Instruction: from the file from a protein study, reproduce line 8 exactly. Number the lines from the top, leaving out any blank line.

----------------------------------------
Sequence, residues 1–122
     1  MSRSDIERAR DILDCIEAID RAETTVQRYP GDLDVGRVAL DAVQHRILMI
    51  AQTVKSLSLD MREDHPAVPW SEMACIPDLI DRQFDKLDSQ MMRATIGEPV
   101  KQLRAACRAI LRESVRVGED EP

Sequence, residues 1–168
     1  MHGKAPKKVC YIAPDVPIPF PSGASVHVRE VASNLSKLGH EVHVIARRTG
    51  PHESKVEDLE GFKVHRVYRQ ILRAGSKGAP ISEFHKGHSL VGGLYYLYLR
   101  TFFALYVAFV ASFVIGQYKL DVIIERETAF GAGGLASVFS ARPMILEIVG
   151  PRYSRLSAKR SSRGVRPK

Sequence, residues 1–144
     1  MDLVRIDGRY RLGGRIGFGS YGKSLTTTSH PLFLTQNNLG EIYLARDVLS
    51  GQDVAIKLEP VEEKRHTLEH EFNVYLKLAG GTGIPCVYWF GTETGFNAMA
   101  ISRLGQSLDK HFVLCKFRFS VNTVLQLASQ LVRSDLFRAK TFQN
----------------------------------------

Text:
   101  TFFALYVAFV ASFVIGQYKL DVIIERETAF GAGGLASVFS ARPMILEIVG